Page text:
I’m cold and hungry.
This has been the most challenging evening of the fast for me so far. I have been doing a combination fast–36 hours of total fasting followed by 12 hours of Daniel fasting. I chose this method last year and was drawn into the cycle of emptiness and petition followed by the celebration of abundance and gratitude. On the foodless days, I tell God what I hunger for and feel his strength in my weakness. On the eating days, I gladly fill myself with the most nourishing things he provides, and I have become so aware of how, when I empty myself of distractions and the things that aren’t good for me, my craving for what is good and pure intensifies.
But tonight I’m hungry, really hungry, and icy cold on the inside, like I get when I am really really hungry. And there is food all around. I made a burger for my daughter and filled her cupboard with snacks. She left scraps on her plate and as I was feeding them to the dogs, I thought that it really wouldn’t be that big of a deal just to eat the bite that she left. Technically, I could still call it fasting because the calories would be negligible. It would calm the ache inside and alleviate the suffering enough to get through the next few hours. This fasting is self-imposed and I made the rules, so I can decide what counts and what doesn’t, right?
If I did what I wanted to make myself feel better in the moment, what would be the worth of this whole day of denial? God doesn’t ask or demand suffering of us, but when it is before us and we choose to accept it as a pathway to His heart, it becomes something sacred. Within it, I find His strength and reassurance. It is where I hear His voice. I can alleviate the hunger as easily as I inflicted it upon myself. It is totally within my own hands, within my earthly power.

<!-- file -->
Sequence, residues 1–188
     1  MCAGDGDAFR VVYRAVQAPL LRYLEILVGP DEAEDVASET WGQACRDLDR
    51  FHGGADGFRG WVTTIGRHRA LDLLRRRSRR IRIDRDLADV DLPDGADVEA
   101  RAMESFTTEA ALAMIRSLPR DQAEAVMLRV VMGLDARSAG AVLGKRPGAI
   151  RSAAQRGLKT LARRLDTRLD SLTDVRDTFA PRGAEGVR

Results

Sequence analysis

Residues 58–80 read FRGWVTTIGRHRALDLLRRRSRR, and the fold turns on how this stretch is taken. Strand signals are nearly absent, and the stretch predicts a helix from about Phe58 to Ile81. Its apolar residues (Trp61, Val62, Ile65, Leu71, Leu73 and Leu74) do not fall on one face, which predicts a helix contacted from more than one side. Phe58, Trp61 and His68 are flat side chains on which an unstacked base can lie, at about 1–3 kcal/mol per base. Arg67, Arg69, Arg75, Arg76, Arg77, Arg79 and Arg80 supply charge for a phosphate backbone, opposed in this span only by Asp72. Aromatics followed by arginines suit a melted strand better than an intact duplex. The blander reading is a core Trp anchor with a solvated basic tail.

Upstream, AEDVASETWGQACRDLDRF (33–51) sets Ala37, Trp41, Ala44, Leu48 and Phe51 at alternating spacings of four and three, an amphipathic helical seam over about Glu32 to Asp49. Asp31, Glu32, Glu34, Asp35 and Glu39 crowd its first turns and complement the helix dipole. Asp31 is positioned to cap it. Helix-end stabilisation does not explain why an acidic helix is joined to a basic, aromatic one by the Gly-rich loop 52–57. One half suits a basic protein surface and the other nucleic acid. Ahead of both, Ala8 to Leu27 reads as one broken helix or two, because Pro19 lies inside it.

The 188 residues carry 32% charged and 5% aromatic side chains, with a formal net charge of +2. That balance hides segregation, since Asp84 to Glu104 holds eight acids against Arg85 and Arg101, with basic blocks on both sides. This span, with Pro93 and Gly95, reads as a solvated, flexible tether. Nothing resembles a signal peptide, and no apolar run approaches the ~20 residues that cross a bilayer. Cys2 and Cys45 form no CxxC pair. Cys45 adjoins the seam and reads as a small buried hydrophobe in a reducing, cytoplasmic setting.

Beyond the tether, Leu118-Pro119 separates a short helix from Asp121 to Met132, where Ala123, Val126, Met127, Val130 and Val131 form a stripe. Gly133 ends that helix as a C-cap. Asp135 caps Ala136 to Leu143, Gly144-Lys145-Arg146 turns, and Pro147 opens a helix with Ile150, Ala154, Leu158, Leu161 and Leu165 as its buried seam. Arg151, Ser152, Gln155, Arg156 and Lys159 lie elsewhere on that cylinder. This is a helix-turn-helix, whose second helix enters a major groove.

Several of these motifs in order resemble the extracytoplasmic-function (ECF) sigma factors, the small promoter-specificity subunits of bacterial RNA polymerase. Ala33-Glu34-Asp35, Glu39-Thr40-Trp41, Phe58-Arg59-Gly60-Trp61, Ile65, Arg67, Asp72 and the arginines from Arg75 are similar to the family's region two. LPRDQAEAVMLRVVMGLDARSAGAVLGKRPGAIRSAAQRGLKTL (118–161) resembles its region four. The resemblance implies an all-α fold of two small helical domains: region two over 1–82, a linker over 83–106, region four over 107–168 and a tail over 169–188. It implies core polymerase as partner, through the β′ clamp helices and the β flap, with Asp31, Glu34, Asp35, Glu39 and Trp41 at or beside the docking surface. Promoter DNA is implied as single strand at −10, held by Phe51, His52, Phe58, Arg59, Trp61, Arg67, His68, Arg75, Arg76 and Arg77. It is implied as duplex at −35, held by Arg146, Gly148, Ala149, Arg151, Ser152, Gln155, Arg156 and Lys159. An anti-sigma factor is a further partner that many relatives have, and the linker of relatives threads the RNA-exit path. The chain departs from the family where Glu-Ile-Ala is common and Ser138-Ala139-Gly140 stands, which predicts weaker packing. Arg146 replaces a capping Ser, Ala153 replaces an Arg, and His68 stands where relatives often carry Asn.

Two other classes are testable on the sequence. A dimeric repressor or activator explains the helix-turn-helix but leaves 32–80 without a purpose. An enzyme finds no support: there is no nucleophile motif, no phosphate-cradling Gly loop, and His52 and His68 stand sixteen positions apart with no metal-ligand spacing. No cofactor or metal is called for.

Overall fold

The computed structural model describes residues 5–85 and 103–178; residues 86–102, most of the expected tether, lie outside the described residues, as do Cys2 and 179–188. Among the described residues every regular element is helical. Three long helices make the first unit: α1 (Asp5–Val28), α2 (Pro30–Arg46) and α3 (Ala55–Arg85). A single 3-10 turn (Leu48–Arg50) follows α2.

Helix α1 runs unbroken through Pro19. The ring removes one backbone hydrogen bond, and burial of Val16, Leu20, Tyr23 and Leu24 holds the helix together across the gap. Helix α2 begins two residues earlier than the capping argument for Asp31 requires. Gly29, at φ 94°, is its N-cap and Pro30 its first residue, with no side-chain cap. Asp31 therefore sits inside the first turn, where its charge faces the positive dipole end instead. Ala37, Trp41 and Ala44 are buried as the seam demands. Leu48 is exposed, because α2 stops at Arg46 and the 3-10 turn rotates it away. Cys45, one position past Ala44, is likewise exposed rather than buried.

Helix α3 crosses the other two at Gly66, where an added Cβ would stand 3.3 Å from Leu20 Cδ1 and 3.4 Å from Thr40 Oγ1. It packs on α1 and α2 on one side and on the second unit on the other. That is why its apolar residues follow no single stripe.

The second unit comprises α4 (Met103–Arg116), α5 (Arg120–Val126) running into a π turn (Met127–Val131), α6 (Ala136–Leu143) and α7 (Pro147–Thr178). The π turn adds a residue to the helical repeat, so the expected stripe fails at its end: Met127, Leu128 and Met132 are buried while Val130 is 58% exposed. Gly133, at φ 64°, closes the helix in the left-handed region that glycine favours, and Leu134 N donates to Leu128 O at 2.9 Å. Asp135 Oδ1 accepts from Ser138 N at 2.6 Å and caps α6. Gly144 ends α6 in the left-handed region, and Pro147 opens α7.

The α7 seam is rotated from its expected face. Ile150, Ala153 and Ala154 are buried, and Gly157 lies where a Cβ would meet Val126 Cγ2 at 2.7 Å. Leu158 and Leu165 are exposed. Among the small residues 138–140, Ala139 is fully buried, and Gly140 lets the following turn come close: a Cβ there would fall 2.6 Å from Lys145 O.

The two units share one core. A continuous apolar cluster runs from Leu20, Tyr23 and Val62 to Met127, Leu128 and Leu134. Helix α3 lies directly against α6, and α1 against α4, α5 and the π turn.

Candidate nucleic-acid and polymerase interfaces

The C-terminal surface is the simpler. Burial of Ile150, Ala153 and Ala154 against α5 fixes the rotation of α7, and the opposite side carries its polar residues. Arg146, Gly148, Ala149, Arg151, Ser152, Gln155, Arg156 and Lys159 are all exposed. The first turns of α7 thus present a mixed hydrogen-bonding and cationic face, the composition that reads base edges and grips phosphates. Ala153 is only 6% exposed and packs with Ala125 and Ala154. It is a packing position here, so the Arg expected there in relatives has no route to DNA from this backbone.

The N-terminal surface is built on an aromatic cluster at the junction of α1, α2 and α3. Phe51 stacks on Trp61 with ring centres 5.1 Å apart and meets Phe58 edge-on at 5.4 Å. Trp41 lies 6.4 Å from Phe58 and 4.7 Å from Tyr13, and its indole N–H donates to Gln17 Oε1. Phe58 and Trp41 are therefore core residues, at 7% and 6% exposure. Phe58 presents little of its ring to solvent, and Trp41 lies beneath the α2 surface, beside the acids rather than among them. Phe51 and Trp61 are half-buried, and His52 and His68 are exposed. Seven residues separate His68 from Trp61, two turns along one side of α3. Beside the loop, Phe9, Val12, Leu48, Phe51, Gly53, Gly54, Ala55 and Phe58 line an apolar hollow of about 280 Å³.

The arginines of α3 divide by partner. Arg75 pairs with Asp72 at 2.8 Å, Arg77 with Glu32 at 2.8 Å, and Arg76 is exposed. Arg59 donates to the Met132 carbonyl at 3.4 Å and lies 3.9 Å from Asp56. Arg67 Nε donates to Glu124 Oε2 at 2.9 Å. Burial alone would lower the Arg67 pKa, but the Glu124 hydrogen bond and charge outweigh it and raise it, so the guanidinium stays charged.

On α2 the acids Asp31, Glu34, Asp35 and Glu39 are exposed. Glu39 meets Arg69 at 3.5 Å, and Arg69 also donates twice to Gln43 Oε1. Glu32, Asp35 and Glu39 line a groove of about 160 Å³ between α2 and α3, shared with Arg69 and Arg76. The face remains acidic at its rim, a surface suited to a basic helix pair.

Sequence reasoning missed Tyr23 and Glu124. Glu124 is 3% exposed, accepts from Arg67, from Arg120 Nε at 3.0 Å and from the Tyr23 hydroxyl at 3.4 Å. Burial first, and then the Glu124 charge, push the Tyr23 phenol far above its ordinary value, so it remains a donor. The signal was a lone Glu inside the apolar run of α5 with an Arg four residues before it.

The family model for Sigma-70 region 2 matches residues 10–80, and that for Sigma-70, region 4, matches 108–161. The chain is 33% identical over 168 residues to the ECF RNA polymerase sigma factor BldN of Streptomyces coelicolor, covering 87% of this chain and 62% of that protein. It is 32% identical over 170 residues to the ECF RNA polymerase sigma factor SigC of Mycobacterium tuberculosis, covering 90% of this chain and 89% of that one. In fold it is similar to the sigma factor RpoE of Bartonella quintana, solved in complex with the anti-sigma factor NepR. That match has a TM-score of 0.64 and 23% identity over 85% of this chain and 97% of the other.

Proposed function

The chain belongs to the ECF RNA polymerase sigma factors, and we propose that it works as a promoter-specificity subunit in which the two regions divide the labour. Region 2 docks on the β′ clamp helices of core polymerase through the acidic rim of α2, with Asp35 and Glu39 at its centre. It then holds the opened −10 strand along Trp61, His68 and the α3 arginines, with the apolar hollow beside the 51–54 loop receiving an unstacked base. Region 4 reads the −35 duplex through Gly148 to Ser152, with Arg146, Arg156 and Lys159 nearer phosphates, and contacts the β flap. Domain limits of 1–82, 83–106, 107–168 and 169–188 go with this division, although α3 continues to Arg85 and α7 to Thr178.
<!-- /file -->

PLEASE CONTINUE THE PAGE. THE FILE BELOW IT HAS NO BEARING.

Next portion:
God doesn’t ask or demand suffering of us, but when it is before us and we choose to accept it as a pathway to His heart, it becomes something sacred.
But the point is that I want my spiritual power to be stronger than my frail human power. I want my heavenly resources to be as readily available as my earthly ones. I want to strengthen my praying voice and my discerning ears. I want to nourish my journey toward wisdom and heighten my awareness of His spirit.
Yet I do not want to fast anymore. I am tired of feeling hungry and cold. I want to be comfortable. Now.
I ask myself: Is it worth it to go another minute, another hour, another night? What if I just stopped, having come this far already? But–what if in that one more minute of denial I grow one fraction of an inch closer to the heart of my creator? What if in one more hour of hunger I grow a millimeter more self-controlled? What if going to bed hungry tonight causes me to wake up with an ounce more of humility? Do the minuscule gains outweigh the consuming discomfort?
I can’t know how God measures it. Against the backdrop of infinity, it could mean nothing or everything. But the wonder of it, truly, is that between the temptation and the decision to remain steadfast, a new person is created – each denial means a new version of me, one a millimeter more faithful, a centimeter stronger, an inch more like Jesus. Can you even imagine so many miracles, 100 times a day–50 times this hour!
In choosing comfort I remain the same, but when I let go of it, I open the door for the mighty power of God to create a new me. I’m so grateful to be part of this body of Christ and to be led in this journey.
Meet our guest blogger:
Betsy Eckert has been attending Brentwood since her family moved here three years ago. She has been married to her husband, Brian, for 23 years and they have three daughters–Kallen, 21; Annsley, 18; and Ellie, 15. At Brentwood, Betsy serves on the setup team with Brian and their youngest daughter, Ellie. She is also a marathon runner and partner in business with her husband.